Open Reading Frame brings together a selection of recent publication highlights from elsewhere in the open access ecosystem. This week we take a look at the past few weeks in medicine.


Markers of comorbidity in COPD patients
Patients with chronic obstructive pulmonary disease (COPD) suffer from a number of comorbidities, including cardiovascular disease (CVD), which is more prevalent in COPD patients compared with the general population. It is important to identify COPD patients at risk of myocardial infarction and other heart conditions early, so that monitoring and interventions can be targeted to high risk patients. Now, a study has been carried out to assess levels of high sensitivity cardiac troponin T (hs-cTnT), a biomarker of heart disorders, in patients with acute exacerbation COPD. The authors found that when compared with rise/fall patterns of hs-cTnT, which are indicative of myocardial infarction, stable elevated hs-cTnT levels are associated with poor long-term prognosis in these patients. These results indicate that other comorbidities, which could be identified by stable elevated hs-cTnT levels, could be linked to poor prognosis in acute exacerbation COPD patients, and it is important to search for these underlying conditions.
Høiseth et al. Open Heart


Assessing the risk:benefit ratio of testosterone therapy
Testosterone therapy is widely used to treat men with hypogonadism, and there have been marketing campaigns to promote testosterone supplementation in those with low levels of the hormone. However, a number of recent studies have identified adverse events associated with testosterone supplementation. Ranjith Ramasamy and colleagues discuss the potential risks of testosterone therapy in a correspondence article, highlighting that in one study, men receiving testosterone had an elevated risk of atherosclerotic events compared with those not taking the supplement. The authors conclude that recent studies have provided conflicting results about the risks associated with testosterone therapy, and until larger randomized studies have been carried out, physicians should remain cautious about prescribing testosterone.
Ramasamy et al. F1000 Research


Thiamine supplementation: a promising strategy to prevent complications in type 2 diabetes
Thiamine (vitamin B1) deficiency is prevalent in people with diabetes, and may be linked to complications such as dyslipidemia and cardiovascular disease. Correcting thiamine deficiency in these patients could therefore be beneficial, and a study has been carried out in which patients with type 2 diabetes were given daily thiamine supplementation. After six months, improvements were observed in lipid profile and creatinine levels, suggesting beneficial effects on cardiovascular and kidney health. These findings require validation in a cohort with longer follow-up, but suggest that oral thiamine supplementation could help prevent complications in patients with type 2 diabetes.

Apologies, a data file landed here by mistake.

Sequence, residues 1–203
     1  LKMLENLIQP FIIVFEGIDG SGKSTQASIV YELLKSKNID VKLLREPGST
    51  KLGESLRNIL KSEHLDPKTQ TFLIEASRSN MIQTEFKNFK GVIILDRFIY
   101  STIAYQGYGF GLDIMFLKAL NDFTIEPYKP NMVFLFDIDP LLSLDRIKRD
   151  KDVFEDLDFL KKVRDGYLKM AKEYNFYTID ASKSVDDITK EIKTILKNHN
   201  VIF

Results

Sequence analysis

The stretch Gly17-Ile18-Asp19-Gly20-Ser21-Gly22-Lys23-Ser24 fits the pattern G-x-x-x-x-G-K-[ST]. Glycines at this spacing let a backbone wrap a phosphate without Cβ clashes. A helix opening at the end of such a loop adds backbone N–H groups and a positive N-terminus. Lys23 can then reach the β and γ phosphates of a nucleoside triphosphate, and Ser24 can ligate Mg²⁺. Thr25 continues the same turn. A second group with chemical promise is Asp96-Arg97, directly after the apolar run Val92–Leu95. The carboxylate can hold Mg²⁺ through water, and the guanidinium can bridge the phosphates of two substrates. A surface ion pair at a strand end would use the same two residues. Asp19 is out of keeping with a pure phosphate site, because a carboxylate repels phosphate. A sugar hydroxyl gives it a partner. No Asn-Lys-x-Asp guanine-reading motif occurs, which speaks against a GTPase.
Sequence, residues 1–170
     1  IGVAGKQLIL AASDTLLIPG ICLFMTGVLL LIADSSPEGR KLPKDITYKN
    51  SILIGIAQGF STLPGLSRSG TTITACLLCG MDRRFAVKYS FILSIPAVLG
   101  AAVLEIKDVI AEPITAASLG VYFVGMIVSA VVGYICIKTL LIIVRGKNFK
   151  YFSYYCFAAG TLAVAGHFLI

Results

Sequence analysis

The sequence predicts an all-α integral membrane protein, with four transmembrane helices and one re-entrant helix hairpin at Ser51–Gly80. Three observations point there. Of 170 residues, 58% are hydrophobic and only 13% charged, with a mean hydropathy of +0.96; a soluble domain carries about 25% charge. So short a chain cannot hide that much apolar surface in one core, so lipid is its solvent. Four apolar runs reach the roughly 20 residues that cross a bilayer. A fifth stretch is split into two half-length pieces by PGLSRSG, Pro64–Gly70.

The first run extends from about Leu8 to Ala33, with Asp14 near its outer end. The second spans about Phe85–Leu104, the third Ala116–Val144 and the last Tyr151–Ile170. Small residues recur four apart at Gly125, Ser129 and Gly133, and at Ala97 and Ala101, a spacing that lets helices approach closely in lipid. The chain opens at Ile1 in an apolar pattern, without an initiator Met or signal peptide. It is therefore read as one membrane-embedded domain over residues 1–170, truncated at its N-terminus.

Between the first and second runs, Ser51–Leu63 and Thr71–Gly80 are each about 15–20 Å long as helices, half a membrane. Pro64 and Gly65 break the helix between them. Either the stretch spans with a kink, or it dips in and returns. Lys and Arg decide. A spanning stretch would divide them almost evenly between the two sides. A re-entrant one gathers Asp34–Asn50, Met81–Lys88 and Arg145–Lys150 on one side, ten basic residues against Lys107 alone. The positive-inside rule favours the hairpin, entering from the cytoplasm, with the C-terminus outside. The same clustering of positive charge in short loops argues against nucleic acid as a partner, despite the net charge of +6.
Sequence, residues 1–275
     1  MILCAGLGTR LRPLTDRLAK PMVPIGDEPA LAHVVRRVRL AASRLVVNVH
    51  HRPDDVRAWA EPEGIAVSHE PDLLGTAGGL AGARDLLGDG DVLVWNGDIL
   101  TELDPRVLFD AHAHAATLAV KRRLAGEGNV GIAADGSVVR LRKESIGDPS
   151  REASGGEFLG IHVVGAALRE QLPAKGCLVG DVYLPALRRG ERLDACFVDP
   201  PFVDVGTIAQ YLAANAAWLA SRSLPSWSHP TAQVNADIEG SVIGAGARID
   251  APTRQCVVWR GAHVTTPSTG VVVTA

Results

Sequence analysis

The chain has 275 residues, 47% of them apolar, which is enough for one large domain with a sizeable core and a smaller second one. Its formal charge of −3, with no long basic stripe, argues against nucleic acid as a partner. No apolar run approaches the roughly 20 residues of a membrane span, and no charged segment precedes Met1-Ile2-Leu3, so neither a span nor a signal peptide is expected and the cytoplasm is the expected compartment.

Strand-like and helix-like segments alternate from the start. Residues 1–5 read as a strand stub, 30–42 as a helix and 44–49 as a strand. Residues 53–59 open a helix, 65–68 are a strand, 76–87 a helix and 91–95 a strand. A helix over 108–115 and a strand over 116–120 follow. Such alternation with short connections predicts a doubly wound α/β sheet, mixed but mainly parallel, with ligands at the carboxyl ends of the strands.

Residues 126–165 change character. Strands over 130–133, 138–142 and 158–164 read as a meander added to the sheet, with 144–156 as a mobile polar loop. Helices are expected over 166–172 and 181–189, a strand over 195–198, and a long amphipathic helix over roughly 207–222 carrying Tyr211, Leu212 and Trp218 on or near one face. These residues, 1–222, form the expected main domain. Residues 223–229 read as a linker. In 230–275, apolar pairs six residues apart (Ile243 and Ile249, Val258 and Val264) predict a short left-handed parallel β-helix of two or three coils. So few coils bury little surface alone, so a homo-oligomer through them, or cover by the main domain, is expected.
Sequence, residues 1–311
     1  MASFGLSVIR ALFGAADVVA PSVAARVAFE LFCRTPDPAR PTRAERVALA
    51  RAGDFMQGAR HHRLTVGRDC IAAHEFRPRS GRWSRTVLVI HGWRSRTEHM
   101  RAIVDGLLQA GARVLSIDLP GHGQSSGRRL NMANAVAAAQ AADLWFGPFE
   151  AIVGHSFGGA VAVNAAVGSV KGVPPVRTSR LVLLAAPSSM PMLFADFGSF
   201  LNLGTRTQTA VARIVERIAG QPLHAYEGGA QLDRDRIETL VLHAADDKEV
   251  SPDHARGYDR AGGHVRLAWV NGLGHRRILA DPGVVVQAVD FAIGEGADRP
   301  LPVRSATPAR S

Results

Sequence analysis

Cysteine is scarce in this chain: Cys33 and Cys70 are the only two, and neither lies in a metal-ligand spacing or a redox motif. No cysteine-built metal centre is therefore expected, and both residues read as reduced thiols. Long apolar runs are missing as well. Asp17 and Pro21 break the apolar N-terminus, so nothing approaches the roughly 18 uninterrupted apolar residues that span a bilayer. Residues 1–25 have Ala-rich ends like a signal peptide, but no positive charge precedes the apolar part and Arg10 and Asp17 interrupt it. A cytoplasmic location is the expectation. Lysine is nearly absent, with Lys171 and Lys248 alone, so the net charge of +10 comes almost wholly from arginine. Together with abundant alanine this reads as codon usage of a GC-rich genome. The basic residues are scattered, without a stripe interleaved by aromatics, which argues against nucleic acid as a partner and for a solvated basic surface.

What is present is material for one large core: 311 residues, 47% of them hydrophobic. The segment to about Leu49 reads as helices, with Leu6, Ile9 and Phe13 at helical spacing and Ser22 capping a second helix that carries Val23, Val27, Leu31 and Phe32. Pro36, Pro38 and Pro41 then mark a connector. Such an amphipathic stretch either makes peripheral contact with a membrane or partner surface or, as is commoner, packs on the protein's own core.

Al-Attas et al. Clinical Medicine Insights: Endocrinology and Diabetes


Gender differences in migraine: EEG insights
Migraine has gender-specific incidence, affecting twice as many women as men in China. It is thought that hormones could play a role in this difference, but very little is known about the underlying mechanisms. Now, a study carried out in China has revealed differences in electroencephalography (EEG) recordings between male and female migraine sufferers, which are indicative of distinct cognitive functioning. These findings provide further evidence for gender differences in migraine, and emphasize the importance of considering gender when researching cognitive function in migraine patients.
Wang et al. The Journal of Headache and Pain


Pre-term birth increases asthma risk
Premature babies – those born before 37 weeks of pregnancy – may have more health problems than those born later, and are at increased risk of early complications such as respiratory distress syndrome. In a systematic review and meta-analysis, researchers analyzed the link between preterm birth and wheezing disorders in children. The authors found that the risk of asthma was 1.71 times higher in those born preterm compared with those born at term, and this risk increased with more severe prematurity. These findings highlight the need to elucidate the mechanisms linking preterm birth and asthma, so that prevention and therapeutic strategies can be developed.
Been et al. PLOS Medicine


DNR orders associated with poor outcome in surgery
Advance directives, including do-not-resuscitate (DNR) orders, are often active in patients with multiple conditions, and there is a great deal of controversy surrounding DNR in those undergoing surgical procedures. In an analysis of hospital discharge records, DNR status was found to be associated with worse outcome in cardiothoracic surgery, even when controlling for confounding factors such as age and comorbid disease. The authors conclude that DNR status could be a marker of perioperative risk, and should be taken into account when considering the risks and benefits of surgery in clincial decision making.
Maxwell et al. PeerJ


Written by Claire Barnard, Senior Editor for BMC Medicine.


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